This is a cross-posting from Katherine Forster at Wild.Here., a blog that focuses on creative and unexpected ways to get closer to nature in and around Ottawa, no matter how urban your neighbourhood. Visit www.wildhere.ca for more!
Places to Get Up Close to Wildlife in Ottawa (Spring & early Summer edition)
This series started last winter as I thought of ways for people to be able to get outdoors and enjoy some wildlife – during those months when it feels like every creature is hibernating and the cold season continues endlessly.
As mentioned April is a busy month for wildlife as migrating birds start moving through our area and other creatures are stirring from their long slumbers and deep sleeps underground.
1. Spring Frog Chorus
Were you able to hear some of the spring frog chorus, either the ubiquitous spring peepers that provide a vibrato accent to the auditory backdrop of our homes or perhaps you were out int he woods and were greeted with the Wood Frogs cacophony of mating calls? While these frogs may not be as co-operative as chickadees who are content to eat out of our hands, there is still the opportunity to visit your local pond or vernal pool and see what might be visiting!
2. Innis Point Bird Observatory (Kanata)
While this one is not in an urban setting, Innis Point Bird Observatory provides those who want to volunteer an opportunity to see birds up close as they migrate through and nest in our area. The bird observatory does scientific data gathering on these birds both for the Spring Migration Monitoring Program which starts in mid April and for the Monitoring Avian Productivity and Survivorship (MAPS) program which starts in June. This is a great opportunity to help collect data and see birds up close. Learn more on their Facebook page.
3. Petrie Island (Orleans)
Starting with the Jane’s Walk in early May, Petrie Island offers opportunities to see its “famous” turtles – who bask on rocks and logs in the various ponds and bays of this island complex. You will also find many frogs (especially if you go early in the morning) and probably spot a heron or two due to its long narrow shape that provides access to both the larger Ottawa river and the quiet and shallower bays and inlets on the southern side. The Friends of Petrie Island keep the trails clear and provide lots of natural history educational signage, so there is a lot to see and do here!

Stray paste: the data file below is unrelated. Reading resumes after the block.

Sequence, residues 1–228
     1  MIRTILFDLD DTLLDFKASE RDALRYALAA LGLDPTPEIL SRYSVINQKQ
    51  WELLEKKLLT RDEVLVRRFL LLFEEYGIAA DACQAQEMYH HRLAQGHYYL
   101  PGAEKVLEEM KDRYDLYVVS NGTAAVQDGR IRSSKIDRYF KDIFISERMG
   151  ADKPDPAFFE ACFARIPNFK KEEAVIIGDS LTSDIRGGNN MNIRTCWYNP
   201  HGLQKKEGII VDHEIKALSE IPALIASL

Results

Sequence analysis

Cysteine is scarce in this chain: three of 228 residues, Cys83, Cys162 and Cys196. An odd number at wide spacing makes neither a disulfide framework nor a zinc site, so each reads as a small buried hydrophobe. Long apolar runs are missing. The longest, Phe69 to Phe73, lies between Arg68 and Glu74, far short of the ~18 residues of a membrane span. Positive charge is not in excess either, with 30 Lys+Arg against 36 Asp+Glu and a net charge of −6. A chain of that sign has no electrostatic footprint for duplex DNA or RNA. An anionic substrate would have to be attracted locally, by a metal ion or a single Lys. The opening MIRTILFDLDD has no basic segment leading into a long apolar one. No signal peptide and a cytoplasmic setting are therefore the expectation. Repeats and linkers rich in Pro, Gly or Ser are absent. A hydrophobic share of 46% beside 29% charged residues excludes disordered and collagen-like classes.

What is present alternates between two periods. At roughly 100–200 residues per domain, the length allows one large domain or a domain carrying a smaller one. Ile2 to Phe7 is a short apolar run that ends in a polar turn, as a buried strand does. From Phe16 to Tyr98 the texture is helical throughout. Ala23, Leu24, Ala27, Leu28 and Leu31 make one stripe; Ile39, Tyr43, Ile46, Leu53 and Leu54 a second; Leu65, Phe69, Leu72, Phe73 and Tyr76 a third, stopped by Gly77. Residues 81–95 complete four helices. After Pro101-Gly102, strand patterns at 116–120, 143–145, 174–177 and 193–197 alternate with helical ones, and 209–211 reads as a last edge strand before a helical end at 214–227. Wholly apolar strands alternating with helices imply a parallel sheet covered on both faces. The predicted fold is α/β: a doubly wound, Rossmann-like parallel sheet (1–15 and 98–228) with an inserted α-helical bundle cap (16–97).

4. Macoun Marsh
Macoun Marsh is well known among the nature lovers of this fair city, but many others, would be surprised to learn about this small marsh at the back end of the Beechwood Cemetery and the fact that the students of St. Laurent Academy have found over 1400 species of flora and fauna here – from the microscopic to the surprising visits of larger mammals and raptors. There is even a Virginia Rail that nests here (a very shy bird species that stays hidden behind marsh plants for the most part). Take a visit and see what you can spot here!
5. Purple Martin Colony
Also mentioned on the Wild. Here. Urban Nature Bucket List is the Purple Martin colony at the Nepean Sailing Club. This is a wonderful opportunity to get up close and see the Purple Martin young as the Innis Point Bird Observatory volunteers band these new birds in late June, early July. Check out the IPBO events page to find out specific dates and consider donating to this great organization!